As passwords continue to be a problem in today’s modern world, one group of computer researchers is taking a new approach to protecting the web. Researchers from Florida International University and Bloomberg have developed a two-factor authentication solution that depends on physical objects rather than code.
We use passwords to unlock sensitive information such as email, bank accounts, and other online accounts; and we hold this sensitive information on our mobile devices. However, despite the importance of passwords, users still reuse their easy-to-guess passwords. To add an additional security layer, websites have adopted two-factor authentication. Two-factor authentication requires users to prove their identity using two types of components. Typically this involves their password, and a unique code sent to them via email or text.
“A secure and practical experience for user authentication in such devices is challenging, as their small form factor, especially for wearables, complicates the input of the commonly used text based passwords, even when the memorability of passwords already poses a significant burden for users trying to access a multitude of services. While the small form factor of mobile and wearable devices makes biometric authentication solutions seemingly ideal, their reliance on sensitive, hard to change user information introduces important privacy and security issues of massive scale,” the researchers wrote in a report.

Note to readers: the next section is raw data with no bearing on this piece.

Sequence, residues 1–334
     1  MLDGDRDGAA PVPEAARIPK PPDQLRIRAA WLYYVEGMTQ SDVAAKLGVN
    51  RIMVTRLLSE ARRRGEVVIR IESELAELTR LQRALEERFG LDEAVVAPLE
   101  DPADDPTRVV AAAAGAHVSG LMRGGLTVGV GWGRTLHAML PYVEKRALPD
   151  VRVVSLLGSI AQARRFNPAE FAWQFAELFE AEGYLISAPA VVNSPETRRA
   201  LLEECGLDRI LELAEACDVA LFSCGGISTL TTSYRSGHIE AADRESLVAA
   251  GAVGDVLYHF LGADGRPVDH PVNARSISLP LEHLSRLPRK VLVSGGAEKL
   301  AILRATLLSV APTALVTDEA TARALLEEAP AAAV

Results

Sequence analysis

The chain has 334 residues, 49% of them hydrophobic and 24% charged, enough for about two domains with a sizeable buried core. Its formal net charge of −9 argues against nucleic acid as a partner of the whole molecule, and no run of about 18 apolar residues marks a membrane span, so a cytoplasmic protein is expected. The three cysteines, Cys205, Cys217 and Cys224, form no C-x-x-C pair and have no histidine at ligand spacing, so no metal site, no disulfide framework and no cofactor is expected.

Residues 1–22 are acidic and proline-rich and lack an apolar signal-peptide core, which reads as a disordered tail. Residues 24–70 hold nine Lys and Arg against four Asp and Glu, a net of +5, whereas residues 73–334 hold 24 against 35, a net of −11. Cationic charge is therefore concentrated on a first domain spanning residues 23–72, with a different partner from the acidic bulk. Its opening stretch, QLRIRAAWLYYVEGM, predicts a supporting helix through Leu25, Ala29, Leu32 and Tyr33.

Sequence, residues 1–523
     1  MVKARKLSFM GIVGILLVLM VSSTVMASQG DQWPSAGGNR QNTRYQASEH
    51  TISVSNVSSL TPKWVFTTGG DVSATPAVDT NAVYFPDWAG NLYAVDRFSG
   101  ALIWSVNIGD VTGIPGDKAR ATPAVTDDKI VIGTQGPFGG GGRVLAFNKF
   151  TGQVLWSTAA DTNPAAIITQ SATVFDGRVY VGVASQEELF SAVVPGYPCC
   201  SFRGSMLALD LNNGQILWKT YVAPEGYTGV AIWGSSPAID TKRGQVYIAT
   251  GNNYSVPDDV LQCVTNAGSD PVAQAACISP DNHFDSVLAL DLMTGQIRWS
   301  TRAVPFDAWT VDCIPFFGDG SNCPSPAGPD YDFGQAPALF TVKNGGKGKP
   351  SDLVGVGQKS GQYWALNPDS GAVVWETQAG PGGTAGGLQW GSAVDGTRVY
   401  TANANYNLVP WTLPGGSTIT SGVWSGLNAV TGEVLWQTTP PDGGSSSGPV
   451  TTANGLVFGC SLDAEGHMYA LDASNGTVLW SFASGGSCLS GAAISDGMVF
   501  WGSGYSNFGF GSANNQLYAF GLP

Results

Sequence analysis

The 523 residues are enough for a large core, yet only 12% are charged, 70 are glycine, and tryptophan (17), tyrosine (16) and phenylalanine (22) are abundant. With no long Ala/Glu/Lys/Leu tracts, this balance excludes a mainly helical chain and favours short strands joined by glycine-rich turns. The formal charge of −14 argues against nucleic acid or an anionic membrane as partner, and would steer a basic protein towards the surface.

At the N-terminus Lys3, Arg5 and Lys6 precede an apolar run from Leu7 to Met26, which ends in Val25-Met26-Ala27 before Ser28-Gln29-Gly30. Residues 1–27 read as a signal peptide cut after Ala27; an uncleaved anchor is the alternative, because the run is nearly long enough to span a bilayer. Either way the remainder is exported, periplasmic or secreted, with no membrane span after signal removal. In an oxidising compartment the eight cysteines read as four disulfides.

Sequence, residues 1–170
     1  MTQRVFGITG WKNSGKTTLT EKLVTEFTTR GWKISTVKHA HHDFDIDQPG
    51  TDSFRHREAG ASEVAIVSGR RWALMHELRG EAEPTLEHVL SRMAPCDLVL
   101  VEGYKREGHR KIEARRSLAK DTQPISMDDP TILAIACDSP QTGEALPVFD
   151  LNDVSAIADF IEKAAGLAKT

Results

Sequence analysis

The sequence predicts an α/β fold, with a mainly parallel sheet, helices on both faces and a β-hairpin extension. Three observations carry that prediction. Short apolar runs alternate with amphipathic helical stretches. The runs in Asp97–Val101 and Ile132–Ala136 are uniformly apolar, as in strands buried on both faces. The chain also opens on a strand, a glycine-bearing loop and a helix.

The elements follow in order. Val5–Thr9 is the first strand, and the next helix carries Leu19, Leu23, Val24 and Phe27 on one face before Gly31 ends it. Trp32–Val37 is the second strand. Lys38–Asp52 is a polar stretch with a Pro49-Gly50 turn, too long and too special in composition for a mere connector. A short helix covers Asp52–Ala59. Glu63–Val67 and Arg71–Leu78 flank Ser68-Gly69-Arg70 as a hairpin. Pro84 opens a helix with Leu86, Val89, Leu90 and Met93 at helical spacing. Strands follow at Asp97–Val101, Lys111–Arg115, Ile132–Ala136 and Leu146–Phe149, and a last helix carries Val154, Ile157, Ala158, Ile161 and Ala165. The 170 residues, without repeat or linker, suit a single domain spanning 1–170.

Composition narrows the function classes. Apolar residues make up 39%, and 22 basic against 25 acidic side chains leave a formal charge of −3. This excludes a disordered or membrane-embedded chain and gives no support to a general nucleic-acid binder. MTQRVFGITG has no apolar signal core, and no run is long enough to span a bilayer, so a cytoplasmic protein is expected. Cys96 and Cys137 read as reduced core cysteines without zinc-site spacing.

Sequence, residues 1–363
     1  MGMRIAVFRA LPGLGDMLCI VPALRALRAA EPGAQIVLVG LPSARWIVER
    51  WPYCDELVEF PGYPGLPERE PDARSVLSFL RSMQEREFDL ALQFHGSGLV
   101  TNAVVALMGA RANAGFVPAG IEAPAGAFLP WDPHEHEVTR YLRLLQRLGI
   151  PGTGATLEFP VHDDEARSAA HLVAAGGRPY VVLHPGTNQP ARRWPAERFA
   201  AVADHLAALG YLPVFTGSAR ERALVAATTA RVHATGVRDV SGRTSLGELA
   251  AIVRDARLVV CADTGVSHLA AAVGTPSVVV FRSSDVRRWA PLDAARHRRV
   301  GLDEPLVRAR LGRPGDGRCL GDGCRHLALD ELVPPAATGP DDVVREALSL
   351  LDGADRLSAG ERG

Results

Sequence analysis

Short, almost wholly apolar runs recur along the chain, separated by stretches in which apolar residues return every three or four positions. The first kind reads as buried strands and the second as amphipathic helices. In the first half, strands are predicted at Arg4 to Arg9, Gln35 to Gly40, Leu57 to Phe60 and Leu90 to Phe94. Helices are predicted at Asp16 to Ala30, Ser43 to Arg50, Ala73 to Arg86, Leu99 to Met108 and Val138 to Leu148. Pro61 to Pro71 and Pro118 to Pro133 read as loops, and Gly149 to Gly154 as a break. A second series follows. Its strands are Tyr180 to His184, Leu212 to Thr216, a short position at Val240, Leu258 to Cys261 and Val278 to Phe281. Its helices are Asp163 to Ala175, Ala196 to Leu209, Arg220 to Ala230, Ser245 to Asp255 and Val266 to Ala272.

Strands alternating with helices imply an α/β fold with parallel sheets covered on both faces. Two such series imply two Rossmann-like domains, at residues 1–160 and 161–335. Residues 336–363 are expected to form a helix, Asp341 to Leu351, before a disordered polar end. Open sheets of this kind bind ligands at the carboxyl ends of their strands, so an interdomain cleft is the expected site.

The researchers developed Pixie to take authentication one set further. Pixie is a camera-based two-factor authentication solution designed for mobile and wearable devices.
“A quick and familiar user action of snapping a photo is sufficient for Pixie to simultaneously perform a graphical password authentication and a physical token-based authentication, yet it does not require any expensive, uncommon hardware. Pixie establishes trust based on both the knowledge and possession of an arbitrary physical object readily accessible to the user, called trinket. Users choose their trinkets similar to setting a password, and authenticate by presenting the same trinket to the camera,” according to the researchers. “The fact that the object is the trinket, is secret to the user. Pixie extracts robust, novel features from trinket images, and leverages a supervised learning classifier to effectively address inconsistencies between images of the same trinket captured in different circumstances.”
The researchers conducted a user study that consisted of 42 participates over eight days. The study revealed Pixie outperformed text-based passwords based on memory, speed and preference. In addition, users were able to remember trinkets within the eight days.
The researchers found “Pixie achieved a false accept rate below 0.09% in a brute force attack with 14.3 million authentication attempts, generated with 40,000 trinket images that we captured and collected from public datasets.”
The researchers say their approach to authentication can also be used in cars, smart houses, child monitoring systems, home game systems and to access privileged parts of a building.